U.S. Foreign Minister Antony Blinken met French President Emmanuel Macron on Tuesday in a tête-à-tête in Paris for his first meeting with an American leader since the start of the submarine crisis.
Explanations at the top. The head of American diplomacy, Anthony Blinken, was received Tuesday (October 5th) by French President Emmanuel Macron in order to “help restore confidence between France and the United States” after the submarine crisis, indicated the ‘Elysium.
The Secretary of State, on the agenda of which only an interview with Emmanuel Bonne, the diplomatic adviser to Mr. Macron, “was then received for a long time face to face by the President of the Republic”, specifies the Élysée in a press release, stressing that Paris and Washington “are continuing their coordination work on issues of common interest, whether it be EU-NATO cooperation, the Sahel, or the Indo-Pacific area”.
President Emmanuel Macron on Tuesday held talks with visiting US Secretary of State Antony Blinken in his first meeting with an American official since the scrapping of a submarine contract with Australia plunged relations into crisis.
Blinken, who has been seeking to patch up ties with France after Canberra ditched the deal as part of a security pact with the UK and US, did not originally have an appointment with Macron on the agenda for his two-day visit to Paris.
The one-on-one meeting lasted around 40 minutes with “common agreement that we have an opportunity now to deepen and strengthen the coordination” even though “a lot of hard work remains to be done”, a senior State Department official told reporters in Paris.
The Elysee also confirmed the meeting with Macron, saying Blinken’s visit would contribute to “restoring confidence” between the sides.
Macron was furious last month when Australia scrapped a multibillion-dollar deal for French submarines, saying it would pursue US nuclear versions instead.
His government called secret talks leading up to the cancellation “a stab in the back” and the French president recalled his ambassadors from Washington and Canberra.
US President Joe Biden, possibly taken aback by the extent of Macron’s anger, has since tried to make amends, with Karen Donfried, the Assistant Secretary of State for European affairs, admitting last week that “the September 15 announcement would have benefited from better and more open consultation among allies”.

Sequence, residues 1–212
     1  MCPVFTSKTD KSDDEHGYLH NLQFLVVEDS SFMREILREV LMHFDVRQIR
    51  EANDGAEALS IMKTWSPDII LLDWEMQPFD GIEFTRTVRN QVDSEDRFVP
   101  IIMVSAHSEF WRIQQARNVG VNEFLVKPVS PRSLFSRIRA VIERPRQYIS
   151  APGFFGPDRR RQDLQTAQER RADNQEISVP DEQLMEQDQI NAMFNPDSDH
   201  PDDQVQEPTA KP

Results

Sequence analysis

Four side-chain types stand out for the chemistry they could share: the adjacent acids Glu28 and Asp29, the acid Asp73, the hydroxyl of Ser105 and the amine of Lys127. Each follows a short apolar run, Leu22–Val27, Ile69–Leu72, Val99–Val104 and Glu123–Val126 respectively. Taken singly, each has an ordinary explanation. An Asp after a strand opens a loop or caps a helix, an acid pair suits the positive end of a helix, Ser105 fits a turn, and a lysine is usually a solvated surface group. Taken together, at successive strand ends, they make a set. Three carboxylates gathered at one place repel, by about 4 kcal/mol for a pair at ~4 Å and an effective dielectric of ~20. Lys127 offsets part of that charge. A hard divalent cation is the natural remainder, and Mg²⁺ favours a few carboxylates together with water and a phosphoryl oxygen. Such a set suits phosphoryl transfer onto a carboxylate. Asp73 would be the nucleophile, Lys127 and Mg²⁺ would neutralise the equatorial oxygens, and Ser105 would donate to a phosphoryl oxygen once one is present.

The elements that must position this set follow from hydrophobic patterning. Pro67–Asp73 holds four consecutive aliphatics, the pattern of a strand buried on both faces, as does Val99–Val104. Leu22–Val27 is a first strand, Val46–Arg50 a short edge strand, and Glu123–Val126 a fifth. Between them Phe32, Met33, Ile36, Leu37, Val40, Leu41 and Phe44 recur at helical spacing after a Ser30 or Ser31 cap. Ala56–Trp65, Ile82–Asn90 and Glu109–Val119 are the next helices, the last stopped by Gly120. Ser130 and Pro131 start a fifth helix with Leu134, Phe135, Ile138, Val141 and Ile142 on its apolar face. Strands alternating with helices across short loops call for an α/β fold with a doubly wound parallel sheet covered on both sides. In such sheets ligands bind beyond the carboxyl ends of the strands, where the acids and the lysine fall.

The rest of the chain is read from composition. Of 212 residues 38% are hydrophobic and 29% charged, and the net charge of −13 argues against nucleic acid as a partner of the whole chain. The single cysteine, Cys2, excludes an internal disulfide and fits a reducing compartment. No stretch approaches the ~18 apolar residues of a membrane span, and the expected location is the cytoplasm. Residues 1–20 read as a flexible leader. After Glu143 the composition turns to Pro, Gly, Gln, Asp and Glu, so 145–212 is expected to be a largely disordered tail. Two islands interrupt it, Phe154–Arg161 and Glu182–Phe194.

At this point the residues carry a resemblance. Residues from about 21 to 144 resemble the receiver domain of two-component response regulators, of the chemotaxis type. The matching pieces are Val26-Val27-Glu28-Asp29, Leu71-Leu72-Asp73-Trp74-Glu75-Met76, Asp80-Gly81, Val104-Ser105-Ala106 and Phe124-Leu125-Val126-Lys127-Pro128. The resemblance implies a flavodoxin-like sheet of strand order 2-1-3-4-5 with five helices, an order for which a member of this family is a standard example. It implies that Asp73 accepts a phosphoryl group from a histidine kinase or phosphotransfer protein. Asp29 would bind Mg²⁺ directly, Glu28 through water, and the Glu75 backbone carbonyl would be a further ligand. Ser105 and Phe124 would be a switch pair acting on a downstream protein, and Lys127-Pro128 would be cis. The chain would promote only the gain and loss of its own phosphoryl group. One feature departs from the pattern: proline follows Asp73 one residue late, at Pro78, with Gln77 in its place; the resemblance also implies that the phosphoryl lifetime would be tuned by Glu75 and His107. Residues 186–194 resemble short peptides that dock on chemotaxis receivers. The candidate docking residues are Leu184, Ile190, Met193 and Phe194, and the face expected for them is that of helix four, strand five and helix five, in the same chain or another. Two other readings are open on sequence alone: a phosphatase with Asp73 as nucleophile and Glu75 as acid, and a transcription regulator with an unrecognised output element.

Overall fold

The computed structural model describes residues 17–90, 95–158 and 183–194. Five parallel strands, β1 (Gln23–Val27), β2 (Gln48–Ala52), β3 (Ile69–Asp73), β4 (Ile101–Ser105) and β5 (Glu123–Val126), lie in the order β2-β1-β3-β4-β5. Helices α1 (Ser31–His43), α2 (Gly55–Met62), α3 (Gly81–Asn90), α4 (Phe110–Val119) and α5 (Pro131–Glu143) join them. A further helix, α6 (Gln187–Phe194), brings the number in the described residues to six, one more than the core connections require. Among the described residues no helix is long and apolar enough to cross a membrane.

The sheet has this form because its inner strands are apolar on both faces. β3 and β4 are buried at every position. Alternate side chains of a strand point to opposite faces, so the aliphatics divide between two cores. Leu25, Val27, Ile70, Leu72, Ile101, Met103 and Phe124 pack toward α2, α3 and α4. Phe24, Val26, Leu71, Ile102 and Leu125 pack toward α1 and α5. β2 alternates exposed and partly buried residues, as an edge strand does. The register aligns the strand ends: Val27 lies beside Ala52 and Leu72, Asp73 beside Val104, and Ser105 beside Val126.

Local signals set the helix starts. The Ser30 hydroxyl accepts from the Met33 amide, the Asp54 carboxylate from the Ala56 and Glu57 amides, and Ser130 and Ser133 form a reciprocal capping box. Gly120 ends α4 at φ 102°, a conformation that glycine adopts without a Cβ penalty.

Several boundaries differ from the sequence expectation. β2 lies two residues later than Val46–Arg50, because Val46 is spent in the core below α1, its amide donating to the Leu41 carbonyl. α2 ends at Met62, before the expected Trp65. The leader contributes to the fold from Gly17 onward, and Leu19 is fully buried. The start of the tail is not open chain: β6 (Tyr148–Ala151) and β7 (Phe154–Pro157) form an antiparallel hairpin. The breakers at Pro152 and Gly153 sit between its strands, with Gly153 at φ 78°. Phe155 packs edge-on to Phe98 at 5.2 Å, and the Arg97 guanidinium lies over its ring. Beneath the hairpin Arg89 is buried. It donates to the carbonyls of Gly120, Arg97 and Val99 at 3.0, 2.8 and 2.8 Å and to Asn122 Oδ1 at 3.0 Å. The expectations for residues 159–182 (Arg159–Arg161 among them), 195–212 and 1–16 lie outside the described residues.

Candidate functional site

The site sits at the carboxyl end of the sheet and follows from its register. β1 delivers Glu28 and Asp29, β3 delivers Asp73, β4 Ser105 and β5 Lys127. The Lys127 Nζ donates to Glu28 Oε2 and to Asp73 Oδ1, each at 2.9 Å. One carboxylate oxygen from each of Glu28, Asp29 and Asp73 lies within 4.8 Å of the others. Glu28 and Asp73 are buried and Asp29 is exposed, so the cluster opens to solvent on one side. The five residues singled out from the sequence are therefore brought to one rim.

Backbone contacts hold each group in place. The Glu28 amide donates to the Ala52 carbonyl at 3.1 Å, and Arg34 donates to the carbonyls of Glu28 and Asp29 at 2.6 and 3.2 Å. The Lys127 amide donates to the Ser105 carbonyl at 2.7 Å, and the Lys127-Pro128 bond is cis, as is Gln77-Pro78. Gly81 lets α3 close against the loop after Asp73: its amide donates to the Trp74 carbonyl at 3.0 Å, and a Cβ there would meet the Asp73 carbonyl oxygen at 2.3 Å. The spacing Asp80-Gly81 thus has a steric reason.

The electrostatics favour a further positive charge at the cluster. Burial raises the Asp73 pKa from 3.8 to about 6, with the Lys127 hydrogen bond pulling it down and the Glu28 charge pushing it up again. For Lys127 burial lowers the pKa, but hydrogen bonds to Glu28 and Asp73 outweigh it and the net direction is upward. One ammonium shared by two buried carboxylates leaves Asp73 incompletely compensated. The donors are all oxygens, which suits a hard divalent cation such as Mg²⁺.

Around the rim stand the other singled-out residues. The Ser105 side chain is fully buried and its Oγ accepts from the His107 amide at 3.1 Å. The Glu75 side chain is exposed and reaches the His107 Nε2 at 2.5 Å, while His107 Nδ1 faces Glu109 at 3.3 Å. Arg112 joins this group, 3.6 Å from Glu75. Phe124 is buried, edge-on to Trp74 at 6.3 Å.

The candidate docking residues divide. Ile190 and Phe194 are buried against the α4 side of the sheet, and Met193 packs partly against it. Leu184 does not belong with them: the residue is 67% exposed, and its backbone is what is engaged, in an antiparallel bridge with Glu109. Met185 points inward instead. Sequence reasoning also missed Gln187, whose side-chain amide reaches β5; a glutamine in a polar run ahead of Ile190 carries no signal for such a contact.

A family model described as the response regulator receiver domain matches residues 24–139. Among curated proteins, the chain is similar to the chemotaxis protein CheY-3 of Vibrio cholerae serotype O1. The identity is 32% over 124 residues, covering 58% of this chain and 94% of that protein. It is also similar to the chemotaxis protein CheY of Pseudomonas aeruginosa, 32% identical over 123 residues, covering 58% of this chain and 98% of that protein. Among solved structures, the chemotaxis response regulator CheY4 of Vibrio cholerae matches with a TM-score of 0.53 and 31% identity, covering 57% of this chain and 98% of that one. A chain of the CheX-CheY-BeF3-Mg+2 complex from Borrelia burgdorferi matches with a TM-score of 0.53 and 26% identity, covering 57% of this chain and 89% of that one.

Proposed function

Blinken earlier Tuesday met French counterpart Jean-Yves Le Drian for an hour in what Le Drian’s spokeswoman had flagged as a chance to “identify stages that may allow a return of confidence between our two countries”.
He then drove to the Elysee Palace for a scheduled meeting with Macron’s security advisor Emmanuel Bonne, but “then had a one-on-one with President Macron for probably about 30 or 40 minutes”, the State Department official said.
The mood of the encounter was “serious”, the official said. “I don’t want to characterise their emotions, but I would say, at least in the discussions we had, it was very cordial and amicable.”
Tuesday’s talks included the Indo-Pacific, cooperation in the Sahel and EU-NATO cooperation, the official said.
Blinken’s trip to Paris had been scheduled before the submarines row erupted, and was to focus on a meeting of the Organisation for Economic Co-operation and Development (OECD), a club of mostly rich countries.
The fallout had been expected to hang over his two-day stay, with the US recognising that repairing ties “will take time and will take hard work and it will need to be demonstrated not only in words but also in deeds”.
But there were also signs that France had started softening its stance, after Biden spoke by telephone with Macron.
Following that conversation, the French leader sent his ambassador back to Washington where he was given meetings with Blinken and also with Jake Sullivan, Biden’s national security adviser.
Biden is now himself hoping to meet with Macron, according to US climate envoy John Kerry, also in Paris for the OECD meeting.
Kerry told the BFMTV broadcaster late Monday that Biden had asked his opinion about the submarines spat, and that the president had not been fully aware of its impact on France.
Macron is meanwhile still livid with Australia, and a long-planned round of Australia-EU free trade talks has been postponed by a month.
Canberra announced the submarine decision as it joined a new alliance with Britain and the United States, dubbed AUKUS, one of a series of initiatives by Biden who views countering China as the paramount concern of the United States.
While in Paris, Blinken will also co-chair a ministerial meeting for the 60th anniversary of the Paris-based OECD.
The meeting will look at promoting a green economy, a month before high-stakes UN climate talks in Glasgow.